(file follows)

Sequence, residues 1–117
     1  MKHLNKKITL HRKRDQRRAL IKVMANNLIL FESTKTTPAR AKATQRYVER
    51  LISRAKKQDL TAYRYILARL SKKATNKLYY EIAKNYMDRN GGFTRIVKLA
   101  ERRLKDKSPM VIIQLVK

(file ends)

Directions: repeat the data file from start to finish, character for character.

Sequence, residues 1–117
     1  MKHLNKKITL HRKRDQRRAL IKVMANNLIL FESTKTTPAR AKATQRYVER
    51  LISRAKKQDL TAYRYILARL SKKATNKLYY EIAKNYMDRN GGFTRIVKLA
   101  ERRLKDKSPM VIIQLVK